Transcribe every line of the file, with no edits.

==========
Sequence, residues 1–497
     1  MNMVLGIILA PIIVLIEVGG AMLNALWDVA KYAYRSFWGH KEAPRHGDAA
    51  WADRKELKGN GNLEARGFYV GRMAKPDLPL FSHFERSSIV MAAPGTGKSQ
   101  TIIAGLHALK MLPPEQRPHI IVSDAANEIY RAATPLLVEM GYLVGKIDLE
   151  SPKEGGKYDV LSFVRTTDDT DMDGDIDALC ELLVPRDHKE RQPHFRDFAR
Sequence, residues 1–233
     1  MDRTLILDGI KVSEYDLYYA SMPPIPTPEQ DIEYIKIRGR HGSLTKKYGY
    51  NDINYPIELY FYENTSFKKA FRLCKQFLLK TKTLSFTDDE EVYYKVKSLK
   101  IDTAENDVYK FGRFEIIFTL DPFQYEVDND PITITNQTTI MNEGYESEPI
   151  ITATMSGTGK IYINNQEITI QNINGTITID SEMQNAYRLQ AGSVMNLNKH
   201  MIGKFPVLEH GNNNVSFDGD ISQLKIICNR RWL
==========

Sequence, residues 1–497
     1  MNMVLGIILA PIIVLIEVGG AMLNALWDVA KYAYRSFWGH KEAPRHGDAA
    51  WADRKELKGN GNLEARGFYV GRMAKPDLPL FSHFERSSIV MAAPGTGKSQ
   101  TIIAGLHALK MLPPEQRPHI IVSDAANEIY RAATPLLVEM GYLVGKIDLE
   151  SPKEGGKYDV LSFVRTTDDT DMDGDIDALC ELLVPRDHKE RQPHFRDFAR
Sequence, residues 1–233
     1  MDRTLILDGI KVSEYDLYYA SMPPIPTPEQ DIEYIKIRGR HGSLTKKYGY
    51  NDINYPIELY FYENTSFKKA FRLCKQFLLK TKTLSFTDDE EVYYKVKSLK
   101  IDTAENDVYK FGRFEIIFTL DPFQYEVDND PITITNQTTI MNEGYESEPI
   151  ITATMSGTGK IYINNQEITI QNINGTITID SEMQNAYRLQ AGSVMNLNKH
   201  MIGKFPVLEH GNNNVSFDGD ISQLKIICNR RWL